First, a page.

Opera, with its grand spectacle and soaring vocals, came to the Outer Banks on Satur-day night and it was all that it was supposed to be.
As the first lyrical notes of the overture to La Traviata floated over the audience the mood was set for a remarkable tale of life in in 1853 that resonates even today. The overture is sweet and soulful, then joyous yet with an underlying tension that antici-pates the story that unfolds.
Opera is, of course, about the extraordinary capacity of the human voice. Yet it is more than that, for contained within the music is the tale the artists are telling and their ability to convey the story as they perform the music is what creates the magic of the-ater.
And the performance we witnessed Saturday evening on the First Flight High School stage was pure magic.
Sarah Cooper’s Violetta is alluring and sensual, a woman who declares at one point, “Life is just pleasure.” Coopers voice is sublime—powerful, subtle and memorable.
There is about Violetta a tenderness, a side of her that has a kind word for a young man who raises a toast to love and her beauty.
That young man is Alfredo, performed with a vitality and nuance by Tshombe Selby that makes the romance that blossoms between Alfredo and Violetta seem inevitable.
The romance begins to flourish, framed by the magnificent intertwining of the voices of Selby and Cooper.
It is not, however, the music along that creates the magic of the evening for entwined within Verdi’s the music is a cautionary tale of love, family, betrayal and tragedy.
Although performed in Italian, the language becomes irrelevant as the story unfolds.
For all her vivacity, Violetta is not a well woman. There is in the opening scene a mo-ment, almost overlooked in all the revelry happening about her, where Violetta seems suddenly weak and she sits and takes a moment to search her purse, perhaps for med-icine. That singular moment is a precursor for what will happen.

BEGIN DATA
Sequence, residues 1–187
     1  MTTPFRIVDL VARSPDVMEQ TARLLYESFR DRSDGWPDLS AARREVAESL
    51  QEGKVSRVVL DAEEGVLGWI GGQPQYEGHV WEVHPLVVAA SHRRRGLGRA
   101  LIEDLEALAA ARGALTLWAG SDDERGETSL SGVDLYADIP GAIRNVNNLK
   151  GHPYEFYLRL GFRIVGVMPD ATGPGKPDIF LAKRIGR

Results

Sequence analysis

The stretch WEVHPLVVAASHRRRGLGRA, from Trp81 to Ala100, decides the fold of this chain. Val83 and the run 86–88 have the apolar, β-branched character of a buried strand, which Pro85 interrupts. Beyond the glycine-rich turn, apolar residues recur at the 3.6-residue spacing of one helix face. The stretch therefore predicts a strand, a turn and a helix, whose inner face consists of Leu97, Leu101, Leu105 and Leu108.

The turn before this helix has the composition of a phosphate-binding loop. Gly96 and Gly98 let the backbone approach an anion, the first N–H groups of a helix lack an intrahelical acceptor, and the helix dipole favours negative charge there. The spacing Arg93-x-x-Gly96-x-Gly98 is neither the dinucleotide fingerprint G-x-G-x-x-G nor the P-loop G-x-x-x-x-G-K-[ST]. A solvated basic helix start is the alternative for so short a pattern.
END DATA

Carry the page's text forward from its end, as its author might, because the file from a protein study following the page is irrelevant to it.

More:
By the end of the evening it is apparent that Violetta sees something in Alfredo that is special and she takes him for her lover. They move to the country where all is bliss un-til Alfredo’s father Giorgio, Wayne Lane, arrives unexpectedly and in a private meet-ing with Violetta convinces her that she must break off the relationship.
And then, one of the defining moments in the Saturday evening performance…
Violetta ends the relationship and Alfredo learns of his father’s hand in the act. As his father tries to justify his action, Alfredo sits with his back to his father, staring off in stony silence.
Another lover quickly takes Alfredo’s place and Alfredo, when he sees Violetta at par-ty takes his winnings from the card table and throws them at her, declaring that now he has repaid her for her time.
Cooper and Selby perform the scene to perfection—the pain and humiliation Alfredo feels bubbles over as he throws the money at her. Violetta, is equally as humiliated, yet she conveys a sense of understanding, that she knows she has hurt him deeply. It is soon after this that a reconciliation between the lovers begins.
There is not time though for their love to truly flower again. Violetta’s consumption is now in its final stages. Destitute, and realizing that other than Annina her nurse—in a role local voice teacher Deb Kasten seemed to own—there is no one left in her life.
Word comes to Giorgio and he pleads with his son to go to her, acknowledging that he was wrong. Alfredo runs to her sickbed, arriving in time to proclaim his love for her and hold Violetta as she dies in his arms.
The production of Giuseppe Verdi’s La Traviata was brought to the Outer Banks by Elizabeth R & Company with additional funding from the Bryan Cultural Series and the Meekins Trust.
The performance had a distinctly Outer Banks feel to it, although that did not take away from the performance at all. Some of that credit must go to Deb Kasten who, in addition to performing the role of Nurse Annina, was the Chorus Master for the per-formance.
Big kudos also has to be handed out to the orchestra under the direction of Violetta Zabbi. The beauty of the voices were enhanced by the orchestral accompaniment.